Russia’s floating nuclear plant readies for Northern Sea Route

Robie de Guzman   •   August 23, 2019   •   540

Russia showcased to the media the world’s first floating nuclear power plant Akademik Lomonosov on Thursday (August 22).

Crew on the Akademik Lomonosov are expected to leave Murmansk for a long journey along the Northern Sea Route to Chukotka in Russia’s far east.

Rosenergoatom deputy director Dmitry Alekseenko said at a news conference that the main advantage of the new type of nuclear plant is its mobility that allows it to reach any point with demand for energy. He also said that it would do no harm to the environment.

Critics, however, warily recall Soviet-era nuclear accidents and Russia’s naval disasters such as the loss of the nuclear-powered submarine Kursk, which sank in the Barents Sea after explosions on board, killing all 118 crew.

In 2018 Greenpeace issued a statement calling Lomonosov a ‘nuclear Titanic’. (Reuters)

(Production: Lev Sergeev, Dmitry Turlyun)

Russia to investigate safety of ventilators after hospital fire kills five

UNTV News   •   May 12, 2020

Russian authorities said they would look into the safety of artificial lung ventilators being used at two hospitals after a fire broke out in St Petersburg at one of them on Tuesday (May 12) morning and killed five people.

The blaze erupted after a ventilator in an intensive care ward treating 20 patients with the novel coronavirus burst into flames, one source told the TASS news agency.

It was the second fire to break out at a hospital treating coronavirus patients in less than a week. A similar fire erupted at a Moscow hospital on Saturday killing one person.

A TASS law enforcement source said that a ventilator had caused that fire too. The source said the ventilators that caused both fires had been produced in the same factory in the Urals region.

Roszdravnadzor, Russia’s federal service for supervising healthcare, said it would check the quality and safety of the ventilators in the two hospitals, the RIA news agency reported.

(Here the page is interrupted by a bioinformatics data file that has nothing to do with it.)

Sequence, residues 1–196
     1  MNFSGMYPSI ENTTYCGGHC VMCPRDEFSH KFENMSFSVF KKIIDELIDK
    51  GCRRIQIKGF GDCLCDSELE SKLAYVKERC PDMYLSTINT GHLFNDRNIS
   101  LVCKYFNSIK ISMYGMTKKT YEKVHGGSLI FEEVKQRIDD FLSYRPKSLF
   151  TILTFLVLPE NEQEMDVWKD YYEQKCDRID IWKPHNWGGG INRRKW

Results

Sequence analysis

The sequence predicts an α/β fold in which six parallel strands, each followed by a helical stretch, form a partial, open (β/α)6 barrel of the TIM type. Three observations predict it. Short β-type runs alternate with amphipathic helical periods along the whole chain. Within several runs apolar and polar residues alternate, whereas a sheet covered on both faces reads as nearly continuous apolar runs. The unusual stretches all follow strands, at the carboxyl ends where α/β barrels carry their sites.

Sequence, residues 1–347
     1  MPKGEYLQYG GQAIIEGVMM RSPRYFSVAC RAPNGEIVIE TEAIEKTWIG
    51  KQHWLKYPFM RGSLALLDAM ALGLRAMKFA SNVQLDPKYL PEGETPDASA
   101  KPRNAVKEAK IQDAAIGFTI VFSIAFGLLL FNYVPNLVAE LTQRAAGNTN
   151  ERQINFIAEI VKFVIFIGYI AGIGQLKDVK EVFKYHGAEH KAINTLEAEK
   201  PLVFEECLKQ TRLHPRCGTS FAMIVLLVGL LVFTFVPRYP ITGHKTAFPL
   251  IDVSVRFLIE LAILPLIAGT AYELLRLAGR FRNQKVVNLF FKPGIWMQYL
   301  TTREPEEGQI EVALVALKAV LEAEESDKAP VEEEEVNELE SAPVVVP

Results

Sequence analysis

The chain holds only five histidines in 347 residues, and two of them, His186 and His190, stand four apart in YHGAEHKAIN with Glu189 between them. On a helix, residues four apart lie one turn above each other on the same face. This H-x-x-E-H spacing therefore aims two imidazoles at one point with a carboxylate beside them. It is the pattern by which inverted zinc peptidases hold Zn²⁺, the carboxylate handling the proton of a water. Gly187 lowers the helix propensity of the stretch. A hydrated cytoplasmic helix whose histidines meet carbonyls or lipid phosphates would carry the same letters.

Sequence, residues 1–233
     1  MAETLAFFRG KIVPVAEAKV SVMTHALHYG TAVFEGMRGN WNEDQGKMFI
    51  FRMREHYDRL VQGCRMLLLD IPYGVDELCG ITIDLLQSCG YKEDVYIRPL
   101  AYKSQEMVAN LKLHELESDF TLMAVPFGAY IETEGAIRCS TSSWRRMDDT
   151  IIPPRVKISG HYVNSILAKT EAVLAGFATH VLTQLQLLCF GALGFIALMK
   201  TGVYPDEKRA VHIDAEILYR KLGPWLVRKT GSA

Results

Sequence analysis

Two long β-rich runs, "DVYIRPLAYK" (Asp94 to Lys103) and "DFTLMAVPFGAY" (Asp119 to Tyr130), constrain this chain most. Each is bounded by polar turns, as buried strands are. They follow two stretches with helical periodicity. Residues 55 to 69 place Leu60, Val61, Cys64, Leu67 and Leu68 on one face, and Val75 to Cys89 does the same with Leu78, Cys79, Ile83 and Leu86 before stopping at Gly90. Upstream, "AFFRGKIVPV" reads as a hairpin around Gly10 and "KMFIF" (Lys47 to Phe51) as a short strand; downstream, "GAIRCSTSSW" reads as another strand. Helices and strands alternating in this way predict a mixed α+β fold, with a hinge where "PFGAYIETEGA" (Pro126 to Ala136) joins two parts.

Investigators opened a criminal case into Tuesday’s fire.

Russia is relatively well stocked with ventilators and has increased domestic production since the coronavirus outbreak. But data, experts, and some medics say many machines outside big cities are old.

In this case however, the ventilator reported to have started the St. Petersburg fire was new, TASS reported, having only been installed this month.

A third fire broke out on Monday at a private hospice in the Moscow region which killed nine elderly people outright.

The hospice’s owner was detained by police. A further two people later died in hospital, the RIA news agency reported.

Russia has reported 232,243 cases of the novel coronavirus, the second highest number of cases in the world as of Tuesday morning according to the Johns Hopkins University in the United States, and 2,116 deaths. (Reuters)

(Production: Anton Vagonov, Tatiana Gomozova)

NBI warns against proliferation of cybercrimes amid ECQ

Marje Pelayo   •   April 17, 2020

MANILA, Philippines – Scammers are increasingly active these days especially with everyone practically living in cyberspace due to lockdowns in different parts of the world.

In the Philippines, the National Bureau of Investigation (NBI) has warned the public of the rise in cybercrime as the national government’s enhanced community quarantine (ECQ) limits movement outside of residence.

With almost all services migrating online, scammers are taking advantage of online platforms to pursue their schemes.